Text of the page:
Tips for parents to boost their babies' immunities
In addition to being influenced by genetic, environmental and some other factors, nutrition -- which is the material basis for maintaining life, activities and health -- is also a key factor affecting immunity.
When is the best time to start interventions for your child's nutrition?
Mature and good immunity develops gradually from the fetus and infant period. These two stages are precisely the immunodeficiency period of infants and are easily infected by various pathogens. This requires scientific nutrition to lay the foundation for the healthy growth of children.
The most important stage for boosting your baby's immunity is breastfeeding.
Breast milk is the most natural and optimal food for your baby. Colostrum is rich in nutrients and immunoactive substances, and it could contribute to the development of intestinal functions of the baby and provide immune protection.
Infants younger than 6 months of age should be exclusively breastfed; they can be breastfed until two years of age if conditions permit. It is recommended that the daily milk volume of infants aged 7-12 months should be 700-500 milliliters and that of infants aged 13-24 months should be 600-400 ml.
If it is not possible to breastfeed, or if breast milk is insufficient, an appropriate infant formula can be chosen instead. For infants with a milk protein allergy, special medical formula milk such as amino acid formula, deep hydrolysis formula, etc. -- approved and registered by the state -- should be selected under the guidance of professional physicians.
Strongest assistive skills: add complementary foods for your baby.
The timely and correct addition of complementary foods for baby can promote the development of intestinal functions; if the baby's intestinal functions are good then immunity is high.
Why is it recommended to add complementary foods for a 6 months old baby?
The activity of starch digestive enzymes in the saliva of infants less than 6 months old is relatively poor and the secretion levels of gastric acid, bile and pancreatic juice is also relatively low. The early addition of complementary foods will lead to insufficient digestion of food.
Children aged 6-9 months are sensitive to the addition of supplementary foods. Late addition will increase the incidence of infant malnutrition and iron deficiency anemia, miss the critical period for exercising the infant's ability to taste and chew and lead to picky eating and food preferences.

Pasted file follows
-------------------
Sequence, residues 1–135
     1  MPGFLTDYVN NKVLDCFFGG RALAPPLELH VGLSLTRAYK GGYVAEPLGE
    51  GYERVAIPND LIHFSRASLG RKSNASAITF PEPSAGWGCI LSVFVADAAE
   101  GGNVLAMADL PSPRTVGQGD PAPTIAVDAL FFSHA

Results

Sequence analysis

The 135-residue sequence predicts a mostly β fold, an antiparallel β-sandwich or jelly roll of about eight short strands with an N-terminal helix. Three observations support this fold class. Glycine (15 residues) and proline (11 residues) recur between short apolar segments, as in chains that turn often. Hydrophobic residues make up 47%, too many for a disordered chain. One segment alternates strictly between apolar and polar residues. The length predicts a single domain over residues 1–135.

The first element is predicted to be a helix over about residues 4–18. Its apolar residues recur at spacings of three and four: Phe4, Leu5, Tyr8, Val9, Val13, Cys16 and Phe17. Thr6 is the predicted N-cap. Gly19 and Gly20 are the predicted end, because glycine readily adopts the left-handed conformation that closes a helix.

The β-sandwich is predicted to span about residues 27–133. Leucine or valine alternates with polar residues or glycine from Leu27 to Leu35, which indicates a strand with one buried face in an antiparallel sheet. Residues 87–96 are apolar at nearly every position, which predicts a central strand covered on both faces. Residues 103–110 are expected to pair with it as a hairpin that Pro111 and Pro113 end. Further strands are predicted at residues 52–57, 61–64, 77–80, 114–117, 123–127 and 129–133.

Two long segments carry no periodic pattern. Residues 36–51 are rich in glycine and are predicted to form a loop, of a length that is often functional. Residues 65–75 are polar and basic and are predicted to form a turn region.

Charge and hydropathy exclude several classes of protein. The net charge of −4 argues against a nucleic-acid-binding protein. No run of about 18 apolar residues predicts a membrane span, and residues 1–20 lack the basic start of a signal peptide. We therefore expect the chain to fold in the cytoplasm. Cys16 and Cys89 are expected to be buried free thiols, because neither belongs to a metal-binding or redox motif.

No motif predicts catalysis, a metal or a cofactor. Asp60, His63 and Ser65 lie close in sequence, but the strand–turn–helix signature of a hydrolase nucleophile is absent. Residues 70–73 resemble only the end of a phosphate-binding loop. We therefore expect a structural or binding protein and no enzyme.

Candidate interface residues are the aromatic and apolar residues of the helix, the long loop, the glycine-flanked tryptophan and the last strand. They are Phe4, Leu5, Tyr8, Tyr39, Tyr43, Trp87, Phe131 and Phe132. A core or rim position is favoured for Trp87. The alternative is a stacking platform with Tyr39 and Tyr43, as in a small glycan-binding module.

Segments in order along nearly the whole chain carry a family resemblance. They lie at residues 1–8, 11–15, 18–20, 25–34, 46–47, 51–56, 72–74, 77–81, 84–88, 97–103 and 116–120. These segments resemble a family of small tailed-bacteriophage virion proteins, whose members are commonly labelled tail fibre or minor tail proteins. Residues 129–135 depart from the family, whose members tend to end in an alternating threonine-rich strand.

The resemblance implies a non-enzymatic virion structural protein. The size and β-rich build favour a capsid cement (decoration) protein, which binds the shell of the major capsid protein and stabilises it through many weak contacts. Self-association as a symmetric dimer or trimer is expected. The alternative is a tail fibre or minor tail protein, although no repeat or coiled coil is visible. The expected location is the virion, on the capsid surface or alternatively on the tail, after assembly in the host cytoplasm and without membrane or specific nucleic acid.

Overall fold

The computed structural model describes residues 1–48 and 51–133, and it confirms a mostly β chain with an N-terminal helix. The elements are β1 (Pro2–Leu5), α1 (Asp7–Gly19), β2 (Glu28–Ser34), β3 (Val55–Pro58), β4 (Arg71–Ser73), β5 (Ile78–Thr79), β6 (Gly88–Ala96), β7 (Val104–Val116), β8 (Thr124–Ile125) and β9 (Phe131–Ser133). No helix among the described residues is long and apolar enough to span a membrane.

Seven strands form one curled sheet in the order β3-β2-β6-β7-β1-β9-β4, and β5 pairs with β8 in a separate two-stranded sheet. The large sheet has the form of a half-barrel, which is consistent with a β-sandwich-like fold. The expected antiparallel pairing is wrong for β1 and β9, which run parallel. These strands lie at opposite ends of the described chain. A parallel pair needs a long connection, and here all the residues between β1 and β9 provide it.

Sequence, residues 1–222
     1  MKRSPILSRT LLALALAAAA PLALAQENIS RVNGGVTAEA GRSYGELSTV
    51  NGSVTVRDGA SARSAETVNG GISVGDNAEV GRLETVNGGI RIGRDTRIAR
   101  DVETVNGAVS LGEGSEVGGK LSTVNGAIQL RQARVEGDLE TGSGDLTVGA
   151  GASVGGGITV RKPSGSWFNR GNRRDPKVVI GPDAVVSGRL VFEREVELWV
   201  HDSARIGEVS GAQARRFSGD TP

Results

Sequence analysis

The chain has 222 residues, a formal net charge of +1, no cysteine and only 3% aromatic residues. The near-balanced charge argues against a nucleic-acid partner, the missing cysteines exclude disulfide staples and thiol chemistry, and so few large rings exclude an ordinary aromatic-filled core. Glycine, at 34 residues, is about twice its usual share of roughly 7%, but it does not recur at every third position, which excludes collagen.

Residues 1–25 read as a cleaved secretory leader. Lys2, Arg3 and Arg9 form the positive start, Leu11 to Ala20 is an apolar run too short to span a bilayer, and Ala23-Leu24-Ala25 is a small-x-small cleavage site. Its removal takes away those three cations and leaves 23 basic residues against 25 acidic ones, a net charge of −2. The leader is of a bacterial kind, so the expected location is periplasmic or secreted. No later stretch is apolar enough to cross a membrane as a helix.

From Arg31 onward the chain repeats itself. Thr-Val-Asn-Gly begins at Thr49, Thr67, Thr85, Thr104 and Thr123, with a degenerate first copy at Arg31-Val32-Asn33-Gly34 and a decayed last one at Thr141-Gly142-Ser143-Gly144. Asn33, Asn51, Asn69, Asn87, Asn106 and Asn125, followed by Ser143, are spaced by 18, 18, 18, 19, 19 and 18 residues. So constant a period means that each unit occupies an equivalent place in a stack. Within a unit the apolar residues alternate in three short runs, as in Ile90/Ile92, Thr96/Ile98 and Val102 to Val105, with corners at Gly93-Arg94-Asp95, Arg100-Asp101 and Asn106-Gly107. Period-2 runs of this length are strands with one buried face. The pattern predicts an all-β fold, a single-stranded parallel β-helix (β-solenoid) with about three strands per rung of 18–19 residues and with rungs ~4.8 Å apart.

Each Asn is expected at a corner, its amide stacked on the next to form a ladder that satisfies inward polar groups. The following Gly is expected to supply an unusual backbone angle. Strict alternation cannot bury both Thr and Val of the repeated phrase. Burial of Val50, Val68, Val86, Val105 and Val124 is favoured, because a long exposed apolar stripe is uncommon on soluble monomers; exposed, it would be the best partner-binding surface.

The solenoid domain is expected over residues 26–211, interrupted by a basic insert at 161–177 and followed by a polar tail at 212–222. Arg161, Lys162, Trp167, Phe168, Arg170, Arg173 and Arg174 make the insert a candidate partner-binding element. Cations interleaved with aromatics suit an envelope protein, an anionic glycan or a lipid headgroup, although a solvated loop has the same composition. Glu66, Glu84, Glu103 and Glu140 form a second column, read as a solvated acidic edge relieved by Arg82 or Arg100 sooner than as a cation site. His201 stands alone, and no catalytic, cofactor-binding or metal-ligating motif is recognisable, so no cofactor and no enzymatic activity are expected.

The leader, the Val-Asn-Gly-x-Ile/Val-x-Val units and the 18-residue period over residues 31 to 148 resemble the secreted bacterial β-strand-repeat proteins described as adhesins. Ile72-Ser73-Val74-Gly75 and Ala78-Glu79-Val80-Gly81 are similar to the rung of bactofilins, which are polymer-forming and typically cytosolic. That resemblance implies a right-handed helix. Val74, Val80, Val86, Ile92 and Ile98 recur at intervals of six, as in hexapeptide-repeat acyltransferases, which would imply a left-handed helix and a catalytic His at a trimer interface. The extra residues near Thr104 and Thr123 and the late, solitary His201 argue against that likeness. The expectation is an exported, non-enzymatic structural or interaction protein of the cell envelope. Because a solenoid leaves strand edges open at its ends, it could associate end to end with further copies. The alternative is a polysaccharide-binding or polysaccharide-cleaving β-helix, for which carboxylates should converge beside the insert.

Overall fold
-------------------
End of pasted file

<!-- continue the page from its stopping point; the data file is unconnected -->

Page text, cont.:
Generally, the addition of complementary foods starts with infant rice flour strengthened with iron and gradually changes from rice flour, vegetable paste or puree and fruit puree to cereal as the main food.
Complementary foods for babies such as sufficient eggs, fish and shrimp, meat and poultry, etc. could meet all kinds of nutrients for the growth of infants.
If the child is not allergic to certain foods, it is recommended they eat 25-75 grams of meat and fish, at least one egg yolk, 25-100g of fruits, 25-100g vegetables and 20-75g of grain every day at the age of 7-12 months (before the age of 1 year, milk is still the main food).
After 1 year old, it is recommended they eat 50-75g of meat and fish, 50-150g of eggs, 50-100g of fruits, 50-100g vegetables and 50-100g of grains every day. In addition, eat pork liver or blood curd at least once a week.
Food choices in nutritional supplementation for babies after one year of age.
Among various nutrients and proteins, vitamin A, vitamin C, vitamin E, vitamin B and trace elements -- such as zinc, iron, copper and selenium -- are important to the body's immune system.
Babies can eat meat and fish, animal liver, eggs, animal milk, fresh fruit and vegetables and cereals to supplement the various nutrients mentioned above.
Special attention should be paid to food hygiene and safety. Food for infants and young babies should be prepared separately according to different ages by using independent cutting boards, knives, special pots and stoves.
It is recommended to steam, boil and stew meat, eggs, poultry and fish, which can not only improve the digestibility of proteins, but also kill microorganisms. Because protein rich food is also the most favorable environment for microbial growth, food safety can also be ensured through these cooking methods. Therefore, in general, do not eat raw meat and fish.